But it still requires active glasses! No thanks.
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Old June 16th, 2010, 09:22 AM   #8
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I have a feeling the glasses are going to be with us for the next year or so.

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Old June 16th, 2010, 10:33 PM   #9
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I don't mind glasses, it is the active glasses I do not care for. For one, I already wear prescription glasses and the active glasses do not come in as clip-ons. And, as Alister pointed out, if you break passive glasses, it does not cost much to replace them. If you break active glasses, it is a major expense. And, as the topic of this thread suggests, if you want to show your work to others, you need a pair of glasses for everyone in the group. And in that situation the cost difference is huge.
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Old June 16th, 2010, 10:56 PM   #10
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Absolutely agreed.

For a family viewing situation it begins to make financial sense to rig up two data projectors, each with a polarising filter set at the correct angle for the left and right sides of the passive glasses.

I don't know how easy it would be to set up for video, but it works well for the 3D photography club in Sydney when they hold their meetings to review each others work.

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Old June 17th, 2010, 12:45 AM   #11
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Any examples of cheap data projectors one can set up at home for HD viewing?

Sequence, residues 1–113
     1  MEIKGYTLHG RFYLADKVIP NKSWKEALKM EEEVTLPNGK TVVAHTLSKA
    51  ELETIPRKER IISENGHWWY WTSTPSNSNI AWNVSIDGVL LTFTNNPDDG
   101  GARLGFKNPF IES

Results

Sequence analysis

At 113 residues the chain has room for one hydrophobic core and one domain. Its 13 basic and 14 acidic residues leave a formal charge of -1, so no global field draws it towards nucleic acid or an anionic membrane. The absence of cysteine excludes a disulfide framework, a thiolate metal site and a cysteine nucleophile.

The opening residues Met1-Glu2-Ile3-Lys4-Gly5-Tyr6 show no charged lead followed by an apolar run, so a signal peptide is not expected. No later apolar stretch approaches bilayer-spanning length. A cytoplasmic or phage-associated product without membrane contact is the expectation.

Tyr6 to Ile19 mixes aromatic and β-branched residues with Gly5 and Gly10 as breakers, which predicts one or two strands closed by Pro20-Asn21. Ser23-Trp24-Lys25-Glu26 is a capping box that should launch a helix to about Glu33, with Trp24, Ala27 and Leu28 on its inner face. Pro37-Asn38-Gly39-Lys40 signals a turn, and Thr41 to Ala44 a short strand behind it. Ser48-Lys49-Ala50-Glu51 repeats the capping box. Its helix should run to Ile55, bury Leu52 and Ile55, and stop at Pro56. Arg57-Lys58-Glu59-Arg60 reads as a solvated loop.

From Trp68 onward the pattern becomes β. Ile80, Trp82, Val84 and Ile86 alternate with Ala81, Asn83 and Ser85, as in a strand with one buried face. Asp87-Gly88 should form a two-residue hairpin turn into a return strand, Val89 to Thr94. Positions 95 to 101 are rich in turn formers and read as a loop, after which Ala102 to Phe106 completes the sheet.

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Old June 17th, 2010, 10:24 AM   #12
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Cheap is a comparative thing ... and not always the best mindset to be in. You'll be looking at 720P resolution for anything that is cheaper.

Here's a nice full HD projector if you are interested. ... Epson EH-TW4500 ... Why not buy two of these for the price that you might have paid a few years ago for a big screen TV?

Andrew
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Old June 17th, 2010, 11:54 AM   #13
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As long as we are talking of inexpensive 720p Epson projectors, the
Epson 705HD
has good cutomer ratings at B&H, and accepts HDMI input. I do not own one, let alone two, but at $749.99 that one seems nice for the price-conscious consumer.
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Old June 17th, 2010, 10:24 PM   #14
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Thank you!
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Old June 20th, 2010, 10:58 PM   #15
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Quote:
Originally Posted by Andrew Smith View Post
For a family viewing situation it begins to make financial sense to rig up two data projectors, each with a polarising filter set at the correct angle for the left and right sides of the passive glasses.

I don't know how easy it would be to set up for video, but it works well for the 3D photography club in Sydney when they hold their meetings to review each others work.

Andrew
Just as a matter of interest do you use "old fashioned" vertical/horizontal polarising filters or the Real3D type circular polarising filters?

A photographer pal of mine in Manchester had a colleague many years ago who was well into 3D for multi-image AV using V/H polarising and in fact had two Practika 35mm cameras engineered quite elegantly as I recall into one for the origination. Apparently he considered the separation of a Stereo Realist (one of which is still in my collection) too limiting - and also he disliked that camera's square framing. The man's long dead now and when I had lunch with my pal the other day he couldn't recall the fate of the butchered Practikas.